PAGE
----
The Carpet Beetle probably gets its common name from its being a common pest of carpets. It has also been known as the Buffalo Beetle from being a serious pest of buffalo robes in the 1870s.
The Carpet Beetle is nearly worldwide in distribution, but in the United States it is found more commonly in the northern states. The Carpet Beetle has been known to cause dermatitis in humans.
Adult Carpet Beetles are about 1/16” to 1/8” long and oval in shape, their body is black with a pattern of whitish and orange/red scales. Larvae are up to 1/4” long, reddish/brown color and covered with blackish/brown hairs.
The Carpet Beetle will typically cause extensive surface damage along with occasional, irregular holes. However, in carpets tacked to the floor, they will often eat slits following the floor cracks. On furs and brushes they will eat the tips of the hairs, leaving damaged and uneven areas.
The female Carpet Beetles lay 30-60 whitish eggs during May and June. The eggs hatch in 10-20 days and the larvae will feed for two to three months as they develop. Developmental time from egg to adult usually requires 3-4 months at room temperature, but can take up to 2 years at cooler temperatures. Upon emerging, the adult beetle stays dormant for about 18 days, and then becomes active for about 4-31 days.
Outdoors or in unheated structures, about 25% of Carpet Beetles overwinter as larvae which feed again the following spring. Some Carpet Beetles will pupate that same summer, but the majority (about 75%) will pass a second winter as a dormant adult. In heated structures, adults may be active throughout the winter and the following spring.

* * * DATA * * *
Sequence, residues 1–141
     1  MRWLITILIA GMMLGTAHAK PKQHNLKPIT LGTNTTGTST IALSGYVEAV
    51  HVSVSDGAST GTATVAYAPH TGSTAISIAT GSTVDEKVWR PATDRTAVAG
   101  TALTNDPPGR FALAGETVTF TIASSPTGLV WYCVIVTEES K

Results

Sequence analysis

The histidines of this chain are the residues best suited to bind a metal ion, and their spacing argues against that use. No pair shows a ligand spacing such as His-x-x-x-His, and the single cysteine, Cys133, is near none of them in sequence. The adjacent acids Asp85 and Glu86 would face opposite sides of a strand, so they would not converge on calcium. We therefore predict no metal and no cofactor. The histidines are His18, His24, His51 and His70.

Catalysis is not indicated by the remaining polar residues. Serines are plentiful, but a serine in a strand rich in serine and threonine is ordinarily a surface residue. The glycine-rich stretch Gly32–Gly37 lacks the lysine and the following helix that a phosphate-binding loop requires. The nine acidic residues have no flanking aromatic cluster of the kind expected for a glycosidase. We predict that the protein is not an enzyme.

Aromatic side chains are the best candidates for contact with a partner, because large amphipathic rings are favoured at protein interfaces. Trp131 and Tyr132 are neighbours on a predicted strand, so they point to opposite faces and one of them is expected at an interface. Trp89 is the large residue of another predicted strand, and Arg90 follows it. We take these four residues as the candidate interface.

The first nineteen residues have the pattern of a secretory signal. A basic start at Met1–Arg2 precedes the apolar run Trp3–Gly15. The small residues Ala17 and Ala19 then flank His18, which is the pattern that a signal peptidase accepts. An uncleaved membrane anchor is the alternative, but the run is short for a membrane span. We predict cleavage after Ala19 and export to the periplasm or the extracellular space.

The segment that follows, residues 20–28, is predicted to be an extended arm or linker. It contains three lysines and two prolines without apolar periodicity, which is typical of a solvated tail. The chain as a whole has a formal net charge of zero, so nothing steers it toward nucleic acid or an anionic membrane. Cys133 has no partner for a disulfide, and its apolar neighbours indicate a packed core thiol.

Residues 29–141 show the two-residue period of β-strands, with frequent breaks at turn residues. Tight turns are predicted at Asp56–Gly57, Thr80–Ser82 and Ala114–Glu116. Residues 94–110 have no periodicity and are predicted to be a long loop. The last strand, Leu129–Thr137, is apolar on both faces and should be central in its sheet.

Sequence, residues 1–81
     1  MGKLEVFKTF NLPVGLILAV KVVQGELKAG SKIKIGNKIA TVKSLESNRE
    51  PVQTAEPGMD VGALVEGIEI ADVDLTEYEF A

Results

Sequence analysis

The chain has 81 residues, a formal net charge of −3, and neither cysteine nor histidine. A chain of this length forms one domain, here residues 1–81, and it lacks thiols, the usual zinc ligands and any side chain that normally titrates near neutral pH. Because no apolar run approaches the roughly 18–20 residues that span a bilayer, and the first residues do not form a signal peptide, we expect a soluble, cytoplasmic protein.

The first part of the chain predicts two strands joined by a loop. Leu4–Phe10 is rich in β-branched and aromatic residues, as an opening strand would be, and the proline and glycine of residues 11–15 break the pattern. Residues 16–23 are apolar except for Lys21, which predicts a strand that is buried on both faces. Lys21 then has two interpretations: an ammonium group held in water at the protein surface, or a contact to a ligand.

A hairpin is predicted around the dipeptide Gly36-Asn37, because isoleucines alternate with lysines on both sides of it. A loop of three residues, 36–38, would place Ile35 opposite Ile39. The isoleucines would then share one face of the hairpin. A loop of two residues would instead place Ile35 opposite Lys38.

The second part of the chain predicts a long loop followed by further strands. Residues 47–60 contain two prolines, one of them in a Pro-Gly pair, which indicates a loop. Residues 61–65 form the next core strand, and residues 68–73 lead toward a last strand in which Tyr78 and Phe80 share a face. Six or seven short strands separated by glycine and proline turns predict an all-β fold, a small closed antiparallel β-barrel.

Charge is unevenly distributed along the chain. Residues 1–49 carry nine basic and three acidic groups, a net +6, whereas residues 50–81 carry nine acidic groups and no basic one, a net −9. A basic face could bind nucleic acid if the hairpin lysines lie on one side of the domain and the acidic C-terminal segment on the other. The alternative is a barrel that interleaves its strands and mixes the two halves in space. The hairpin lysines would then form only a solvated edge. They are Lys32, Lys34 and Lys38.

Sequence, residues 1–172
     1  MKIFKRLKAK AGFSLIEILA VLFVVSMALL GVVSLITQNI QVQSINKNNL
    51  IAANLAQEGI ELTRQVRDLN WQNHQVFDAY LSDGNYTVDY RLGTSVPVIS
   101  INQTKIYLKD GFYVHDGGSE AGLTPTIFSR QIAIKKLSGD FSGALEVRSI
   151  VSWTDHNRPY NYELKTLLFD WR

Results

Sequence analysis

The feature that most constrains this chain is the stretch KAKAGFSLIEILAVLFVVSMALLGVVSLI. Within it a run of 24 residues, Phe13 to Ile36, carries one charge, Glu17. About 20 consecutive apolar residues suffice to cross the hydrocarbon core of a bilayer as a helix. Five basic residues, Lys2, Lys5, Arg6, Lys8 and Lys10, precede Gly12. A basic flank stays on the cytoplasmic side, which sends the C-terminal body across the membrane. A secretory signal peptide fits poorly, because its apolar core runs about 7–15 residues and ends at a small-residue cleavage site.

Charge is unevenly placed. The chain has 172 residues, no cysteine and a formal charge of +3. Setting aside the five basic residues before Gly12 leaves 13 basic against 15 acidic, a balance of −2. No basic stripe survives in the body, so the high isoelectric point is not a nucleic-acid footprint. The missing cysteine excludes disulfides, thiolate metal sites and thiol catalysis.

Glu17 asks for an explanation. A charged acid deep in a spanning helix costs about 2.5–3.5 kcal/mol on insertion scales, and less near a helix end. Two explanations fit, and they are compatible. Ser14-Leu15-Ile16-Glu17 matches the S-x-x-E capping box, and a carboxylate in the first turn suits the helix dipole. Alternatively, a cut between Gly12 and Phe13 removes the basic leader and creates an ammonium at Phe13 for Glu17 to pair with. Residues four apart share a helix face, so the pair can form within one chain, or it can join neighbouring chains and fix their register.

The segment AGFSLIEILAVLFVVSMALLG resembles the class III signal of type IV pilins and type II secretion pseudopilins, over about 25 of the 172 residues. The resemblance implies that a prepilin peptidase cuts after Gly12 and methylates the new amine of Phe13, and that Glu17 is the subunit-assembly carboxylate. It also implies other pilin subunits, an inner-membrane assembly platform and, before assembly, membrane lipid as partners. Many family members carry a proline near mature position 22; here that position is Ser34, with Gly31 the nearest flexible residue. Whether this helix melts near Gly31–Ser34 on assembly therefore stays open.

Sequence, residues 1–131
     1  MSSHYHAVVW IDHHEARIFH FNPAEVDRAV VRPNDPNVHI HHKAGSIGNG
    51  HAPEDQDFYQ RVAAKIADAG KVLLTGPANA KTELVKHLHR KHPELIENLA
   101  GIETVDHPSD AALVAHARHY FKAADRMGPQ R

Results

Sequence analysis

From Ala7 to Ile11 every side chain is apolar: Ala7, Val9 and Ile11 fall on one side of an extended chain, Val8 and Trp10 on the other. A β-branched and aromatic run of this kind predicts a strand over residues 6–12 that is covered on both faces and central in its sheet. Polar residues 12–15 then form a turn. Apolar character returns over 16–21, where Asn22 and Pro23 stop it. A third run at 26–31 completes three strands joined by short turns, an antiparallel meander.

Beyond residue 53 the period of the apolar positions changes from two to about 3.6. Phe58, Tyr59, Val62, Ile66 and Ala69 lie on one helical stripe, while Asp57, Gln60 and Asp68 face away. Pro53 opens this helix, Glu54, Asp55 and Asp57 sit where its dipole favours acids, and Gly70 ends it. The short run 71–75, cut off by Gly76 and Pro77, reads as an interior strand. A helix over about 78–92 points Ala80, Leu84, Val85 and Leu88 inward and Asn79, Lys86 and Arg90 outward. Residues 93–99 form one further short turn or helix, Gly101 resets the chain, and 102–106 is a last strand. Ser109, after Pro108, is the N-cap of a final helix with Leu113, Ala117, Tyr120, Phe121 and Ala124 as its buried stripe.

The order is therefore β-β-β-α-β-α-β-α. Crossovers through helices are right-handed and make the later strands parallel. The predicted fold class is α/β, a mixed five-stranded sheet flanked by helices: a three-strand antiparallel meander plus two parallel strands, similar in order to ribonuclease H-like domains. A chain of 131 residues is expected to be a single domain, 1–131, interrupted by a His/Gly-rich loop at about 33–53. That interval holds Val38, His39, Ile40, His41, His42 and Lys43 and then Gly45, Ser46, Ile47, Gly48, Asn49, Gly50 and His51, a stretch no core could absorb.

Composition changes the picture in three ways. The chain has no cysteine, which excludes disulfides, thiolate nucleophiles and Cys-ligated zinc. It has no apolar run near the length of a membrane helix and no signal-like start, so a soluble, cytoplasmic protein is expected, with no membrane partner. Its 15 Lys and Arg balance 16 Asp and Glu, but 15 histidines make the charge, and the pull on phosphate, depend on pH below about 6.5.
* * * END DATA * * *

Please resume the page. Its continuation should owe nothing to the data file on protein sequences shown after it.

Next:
Carpet Beetle larvae feed on a wide variety of animal and plant materials. Animal-origin materials include woolens, hair, bristles, horn, feathers, silk, furs, and insect collections. Plant-origin materials include pressed plants, dried flowers, rye flour, and wheat. The favored foods of Carpet Beetles are carpets, clothing and textiles.
Adult Carpet Beetles are typically found outdoors May through July, feeding on the pollen and nectar of flowers. The females may then fly indoors to lay their eggs. Outdoors, Carpet Beetles can be found in nests of chipmunks, birds, bees, and on dead animals.
The key to controlling Carpet Beetles is to find the primary sources of infestation and eliminate them. Besides the obvious carpeting, clothing, furs and plant materials, it may be necessary to check the more unusual places, especially if there have been any past occurrences of rodents, birds or bees nests inside walls.
In addition, it is often necessary to have targeted areas treated by a trained and licensed pest control operator. Because of the natural occurrence of Carpet Beetles outdoors, it is sometimes necessary for annual preventative treatments.